Photo: Shalem Center
Ambassador Michael Oren
Yesterday, Israeli Prime Minister Binyamin Netanyahu picked Michael Oren (b. 1955) as Israel's next ambassador to the United States. Foreign Minister Avigdor Lieberman has endorsed the appointment, and it will now have to be approved by the cabinet.
Oren, a professor with a Ph.D. from Princeton's Near Eastern Studies department, is a brilliant pick. An American Jew who immigrated to Israel in 1979 and served in the Paratroopers Brigade during the Lebanon war, and in numerous positions of leadership in the army thereafter, is truly at home in both Israel and the United States. He is the author of the definitive account of the Six-Day War that we have today (it will be definitive until Arab archives are opened up), and of another book on American conceptions of the Middle East. Oren is also a fantastic communicator who knows how to speak to different audiences. Having just finished a term as a visiting professor at Georgetown's School of Foreign Service, he is primed to go.
There are few Israeli prime ministers who would have been able to pull off such an appointment. So many of Israel's ambassadors these days, even to important posts, are mediocre political appointees. American Jews, in the past two decades, have been shut out of such postings. In choosing Oren, Netanyahu showed his ability to think outside of the box and that he is not afraid to be challenged. Oren, though affiliated with the right-of-center Shalem Center, is a pragmatist who knows that Israel cannot indefinitely occupy the West Bank. He is someone who understands what is going on in the White House these days.
Foreign Minister Avigdor Lieberman
It is still not clear to me what the Foreign Minister himself is doing these days. Ha'aretz has a somewhat disturbing review of Lieberman's activities so far.
Here are a few highlights:
Lieberman's schedule has become one of the Foreign Ministry's best-kept secrets. Aside from [...] a select few, no one - including very senior officials in his ministry - is privy to what Lieberman does with his time.Okay, that happens. But:
This secrecy has led to several embarrassing faux pas, such as when a meeting with a foreign counterpart had to be rescheduled and none of the participants were notified.
Lieberman has made other contentious procedural changes within the realm of his public relations. Although the ministry has an entire publicity department comprising some 20 expert diplomats, Lieberman made the unprecedented decision to appoint newcomer Sivan Raviv - who has no prior experience - as his spokesman.Is that wise?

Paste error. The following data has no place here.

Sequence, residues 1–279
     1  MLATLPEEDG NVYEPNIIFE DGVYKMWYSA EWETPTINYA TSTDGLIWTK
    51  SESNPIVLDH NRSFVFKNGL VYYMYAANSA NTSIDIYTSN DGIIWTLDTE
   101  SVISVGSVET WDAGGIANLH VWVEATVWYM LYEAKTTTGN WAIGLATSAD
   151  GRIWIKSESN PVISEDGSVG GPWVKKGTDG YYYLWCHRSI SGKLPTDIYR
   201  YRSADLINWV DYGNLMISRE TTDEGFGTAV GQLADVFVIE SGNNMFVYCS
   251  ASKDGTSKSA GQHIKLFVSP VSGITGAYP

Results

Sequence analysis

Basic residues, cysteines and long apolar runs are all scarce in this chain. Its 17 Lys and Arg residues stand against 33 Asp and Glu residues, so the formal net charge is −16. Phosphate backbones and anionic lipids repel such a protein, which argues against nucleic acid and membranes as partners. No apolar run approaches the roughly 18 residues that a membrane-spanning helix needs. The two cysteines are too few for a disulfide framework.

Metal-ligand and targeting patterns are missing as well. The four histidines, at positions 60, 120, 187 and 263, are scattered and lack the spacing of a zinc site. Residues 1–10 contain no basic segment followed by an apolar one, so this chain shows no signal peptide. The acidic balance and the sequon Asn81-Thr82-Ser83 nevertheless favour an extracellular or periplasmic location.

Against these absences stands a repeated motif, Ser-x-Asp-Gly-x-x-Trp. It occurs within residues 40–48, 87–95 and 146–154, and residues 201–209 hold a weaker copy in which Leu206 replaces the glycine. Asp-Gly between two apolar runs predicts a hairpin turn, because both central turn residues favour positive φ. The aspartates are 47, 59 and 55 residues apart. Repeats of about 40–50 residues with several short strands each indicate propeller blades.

And speaking of appointments:
He has named Bedouin diplomat Ishmael Khaldi as his ministerial adviser on the Arab world. The appointment was leaked to the Israeli daily Yedioth Ahronoth under the headline "Lieberman's Arab advisor", hinting that it was an attempt to gloss over Lieberman's alleged racism.I don't know what is worse, the pick or the statement, thereafter, that it was an "affirmative action" appointment. But who knows, maybe Khaldi will perform admirably in this job.
Since then it has emerged that Khaldi has next to no Foreign Ministry experience in dealing with the Middle East, having never served as a representative in an Arab state or in a relevant branch.
Associates of Lieberman have stressed that despite Khaldi's lack experience in the region, the motive behind his appointment was "promotion of minorities in the Foreign Ministry."
Is this a luke-warm endorsement or what?
Sources present at Lieberman's meetings with foreign officials have testified that his level of English is "good" and that he "succeeds in getting across his message."
There are many more anecdotes in the article itself. The last paragraph, which explains that Lieberman's office refused to answer a list of 12 questions submitted by Ha'aretz, testifies to a worrying break in relations with the media. It sounds as if Lieberman has written off Ha'aretz as irrelevant.
Here's Ha'aretz's take on the Kleine Zeitung interview discussed in my earlier post:
Foreign Ministry officials heard of [Lieberman's interview with the Austrian daily Kleiner Zeitoung [sic] last month, in which he declared his opposition to negotiations with Syria.] only when it was leaked to Israeli media. Only after an in-depth investigation did it become clear that this unknown newspaper was actually a local tabloidIt's pretty funny that it took an "in-depth investigation" to figure out that this "unknown newspaper" was a "local tabloid." I think the latter description is not entirely accurate; "small regional newspaper" would do it more justice. Also, as an Austrian friend of Noah K., L.E., has pointed out and as I also emphasized in my post, Christian Wehrschutz, who conducted the interview, is a respected journalist with extensive experience. L.E. adds, however, that
The question is only why he chose to put the interview [in the Kleine Zeitung] and not in the Presse, Standard or even NZZ (Swiss), with which he also has regular connections.L.E.'s conclusions:
This interview appears where it does due to personal or newspaper politics. The [other] question would then be why he got that interview in the first place.The last question is important indeed. If Wehrschutz presented himself as a freelancer, why was this one of the first interviews granted by Lieberman's office, specifically by his personal secretary Sigalit Levi, to a foreign journalist?
I'm really wondering in what language this interview was conducted - whether a translator was used or not.